Of Justice League’s many flaws, the prevalence of the male gaze is probably the worst.
DC’s reply to Marvel’s superhero team-up has finally
disgraced our screens with Justice League. Following a relatively curtailed lead-up, the band has been brought together to kick-start DC’s attempts to capture the golden age of superheroes on screen.
But, let’s face it, the DCEU hasn’t had a great run, apart from Wonder Woman. Were my hopes high going into Justice League? No. But there was hope that the film wouldn’t be terrible; that I would come away excited by the new superhero team assembled on our screens, like I felt after The Avengers.
Forget excitement, I found myself raging at the screen half-way through. Why? Because the male gaze is painfully apparent in Justice League.
It wouldn’t have been so obvious had we not had Patty Jenkins’ Wonder Woman still fresh in our memories. Yes, Wonder Woman did not have as many female characters for the bulk of the film as we would have liked, but Justice League doesn’t even try to give its female characters a chance.
Below are a few instances of the male gaze in Justice League that particularly irked me. Spoilers abound so, I don’t know, do you want to watch the film first? Your funeral.
Not the Wonder Woman We Are Looking For
I just knew this would happen but I still hoped it wouldn’t. Wonder Woman, after carrying her own film where she was not once objectified, is suddenly the object of everyone’s desire.
Alfred spends his scenes trying to get Bruce to hook up with Diana; has anyone asked Diana? Because Bruce was being super creepy in Batman vs Superman so she may not want anything to do with the man. Just saying.
Barry Allen is so taken with her at their first meeting, he makes a mess of introducing himself. We’re meant to assume this is his reaction to meeting people because of his lack of social skills. Noticeably, he doesn’t have a similar reaction to the equally attractive Aquaman. But, that’s none of my business.
There’s also a scene later on, mid-fight, when Flash saves Wonder Woman and they land spread-eagled on the ground with Flash atop Wonder Woman, his face between her breastplates. He quickly rectifies the situation giving the audience enough time to laugh at this gag. It is a similar scene to one we saw in Joss Whedon’s Avengers: Age of Ultron between Bruce Banner and Black Widow. I guess Whedon shoehorned in this visual trope because he thought it would be funny. It would have been if it was the 1970s, yeah! Now, it’s just gross. So, so gross.
When Aquaman accidentally sits on the Lasso of Truth, he reveals his true concerns about the group – Batman is just a guy in a suit, Cyborg’s tech can’t be trusted, Flash is clumsy, Wonder Woman is… gorgeous. WHAT? No! That’s not how this scene was supposed to go. I expected more from Aquaman, who had not been inappropriate even once till that moment. It felt like the actors and characters had more respect for Wonder Woman than the writers and directors did.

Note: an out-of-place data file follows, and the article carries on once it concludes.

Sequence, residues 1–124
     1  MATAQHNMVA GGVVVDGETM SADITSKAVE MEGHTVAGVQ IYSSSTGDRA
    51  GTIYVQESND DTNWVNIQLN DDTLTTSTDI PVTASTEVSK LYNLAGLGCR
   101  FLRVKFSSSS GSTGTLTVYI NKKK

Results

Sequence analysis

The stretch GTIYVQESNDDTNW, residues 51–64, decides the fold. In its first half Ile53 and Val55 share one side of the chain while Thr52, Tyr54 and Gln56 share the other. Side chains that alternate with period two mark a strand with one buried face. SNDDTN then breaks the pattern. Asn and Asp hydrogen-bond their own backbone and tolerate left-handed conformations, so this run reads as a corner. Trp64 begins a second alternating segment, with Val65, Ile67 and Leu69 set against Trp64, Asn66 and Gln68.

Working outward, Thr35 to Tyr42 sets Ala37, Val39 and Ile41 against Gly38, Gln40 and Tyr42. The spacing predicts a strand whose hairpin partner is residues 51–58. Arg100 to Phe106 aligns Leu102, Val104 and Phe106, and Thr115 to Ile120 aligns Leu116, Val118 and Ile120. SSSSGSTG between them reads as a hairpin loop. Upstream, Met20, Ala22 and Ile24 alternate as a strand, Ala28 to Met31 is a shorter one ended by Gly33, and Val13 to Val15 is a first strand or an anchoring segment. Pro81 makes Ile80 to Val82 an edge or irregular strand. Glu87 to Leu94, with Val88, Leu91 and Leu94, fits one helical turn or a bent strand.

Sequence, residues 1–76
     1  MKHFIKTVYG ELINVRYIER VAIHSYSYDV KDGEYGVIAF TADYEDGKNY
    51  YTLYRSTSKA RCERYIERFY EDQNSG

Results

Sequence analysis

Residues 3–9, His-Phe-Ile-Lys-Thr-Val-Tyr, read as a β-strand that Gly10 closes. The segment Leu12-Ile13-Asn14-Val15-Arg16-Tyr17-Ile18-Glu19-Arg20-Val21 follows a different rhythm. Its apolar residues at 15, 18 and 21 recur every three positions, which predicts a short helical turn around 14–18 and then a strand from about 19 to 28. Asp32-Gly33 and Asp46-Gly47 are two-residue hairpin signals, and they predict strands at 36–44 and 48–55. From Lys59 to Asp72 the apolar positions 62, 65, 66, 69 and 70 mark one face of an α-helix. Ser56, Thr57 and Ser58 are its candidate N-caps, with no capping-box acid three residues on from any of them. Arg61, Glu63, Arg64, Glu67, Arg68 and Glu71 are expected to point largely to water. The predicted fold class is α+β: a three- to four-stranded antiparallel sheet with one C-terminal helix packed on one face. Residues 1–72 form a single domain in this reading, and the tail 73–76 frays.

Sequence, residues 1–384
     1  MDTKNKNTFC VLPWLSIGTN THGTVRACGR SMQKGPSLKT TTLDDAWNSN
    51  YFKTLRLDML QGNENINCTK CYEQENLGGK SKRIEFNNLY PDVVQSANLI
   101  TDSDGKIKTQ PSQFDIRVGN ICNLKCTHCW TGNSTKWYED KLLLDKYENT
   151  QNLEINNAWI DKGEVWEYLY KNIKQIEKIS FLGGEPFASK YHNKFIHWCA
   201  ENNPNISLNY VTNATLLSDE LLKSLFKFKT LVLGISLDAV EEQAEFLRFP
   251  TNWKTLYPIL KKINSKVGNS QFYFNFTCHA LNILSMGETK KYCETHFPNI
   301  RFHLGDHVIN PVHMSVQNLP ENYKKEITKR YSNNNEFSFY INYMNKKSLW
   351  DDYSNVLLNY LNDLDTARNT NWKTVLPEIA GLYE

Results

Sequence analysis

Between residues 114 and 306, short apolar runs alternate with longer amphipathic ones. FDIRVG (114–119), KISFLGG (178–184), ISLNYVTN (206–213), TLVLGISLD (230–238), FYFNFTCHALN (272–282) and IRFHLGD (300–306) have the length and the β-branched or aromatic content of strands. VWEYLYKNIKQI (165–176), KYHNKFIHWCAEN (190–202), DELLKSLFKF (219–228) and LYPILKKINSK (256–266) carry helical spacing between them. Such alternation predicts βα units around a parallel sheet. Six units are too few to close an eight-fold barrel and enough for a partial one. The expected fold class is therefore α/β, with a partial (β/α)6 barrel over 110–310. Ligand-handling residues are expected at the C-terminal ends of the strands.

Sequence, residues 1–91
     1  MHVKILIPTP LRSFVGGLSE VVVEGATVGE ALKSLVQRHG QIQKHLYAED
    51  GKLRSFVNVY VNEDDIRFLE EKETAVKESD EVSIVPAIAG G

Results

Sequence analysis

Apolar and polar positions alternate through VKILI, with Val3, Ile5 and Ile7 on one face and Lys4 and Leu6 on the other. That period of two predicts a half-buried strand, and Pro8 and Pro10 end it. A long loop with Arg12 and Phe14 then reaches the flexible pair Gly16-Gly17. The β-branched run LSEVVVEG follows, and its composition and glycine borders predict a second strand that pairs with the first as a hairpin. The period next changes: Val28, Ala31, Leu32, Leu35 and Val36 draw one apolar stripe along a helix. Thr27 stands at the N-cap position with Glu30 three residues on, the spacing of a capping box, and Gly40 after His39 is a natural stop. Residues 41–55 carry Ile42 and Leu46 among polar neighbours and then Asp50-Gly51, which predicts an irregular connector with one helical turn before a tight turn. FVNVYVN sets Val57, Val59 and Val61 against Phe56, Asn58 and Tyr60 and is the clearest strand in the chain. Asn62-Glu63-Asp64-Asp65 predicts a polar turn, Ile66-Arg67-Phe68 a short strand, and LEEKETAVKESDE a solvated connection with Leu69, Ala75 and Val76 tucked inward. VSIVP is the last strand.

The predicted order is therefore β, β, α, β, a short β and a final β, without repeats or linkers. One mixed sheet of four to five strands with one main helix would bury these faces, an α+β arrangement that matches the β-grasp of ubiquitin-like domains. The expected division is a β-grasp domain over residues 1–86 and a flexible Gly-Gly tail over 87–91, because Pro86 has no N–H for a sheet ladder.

Of course, these incidents are within the film but even the direction and camera angles objectify Wonder Woman. There are too many of those horrible low-angle shots where the focus is meant to be on the characters speaking to Wonder Woman but the camera is actually looking up at the female character’s behind. It’s bad enough when artists draw female characters this way in comic panels; it is even worse on a massive film screen.
Also, is it just me, or did Wonder Woman’s suit look shorter somehow? It may be my imagination but it looked different.
Gal Gadot must have spent the entirety of this film shoot in barely restrained anger because that’s how I felt watching it. It’s like directors Snyder and Whedon just wanted to have an all-boys party but had to begrudgingly add Wonder Woman so they decided to make her life, and ours, as miserable as possible.
Not-so Killer Clothes
I don’t think anybody missed the controversial pictures of the Amazons wearing leather bikinis for armour in the Justice League promos. Surely not, I thought, they wouldn’t do that. I even read a post by someone saying that the bikini suits would not be featured in the film; it was false advertising or some such.
In case you wonder: Here's a picture of how the Amazons looked in Wonder Woman…next to pic how they look in Justice League. First designed by Lindy Hemming, second by Michael Wilkinson.
Some steps backwards, methinks. pic.twitter.com/IVqeX7PBso
— Atte T (@Rosgakori) November 12, 2017
In Justice League, when we find ourselves on Themyscira alongside Queen Hippolyta and the Amazons, their uniforms look mostly like the ones featured in Wonder Woman. My fears were allayed. For a few minutes.
The initial scenes of the Amazons in their full armour is a misdirect because the bikini-clad warriors soon show up. I was so surprised I actually wondered if I was seeing things incorrectly. Why would these warriors wear ‘armour’ that doesn’t cover their stomachs? Ask Michael Wilkinson, Justice League costume designer and our new favourite bad guy.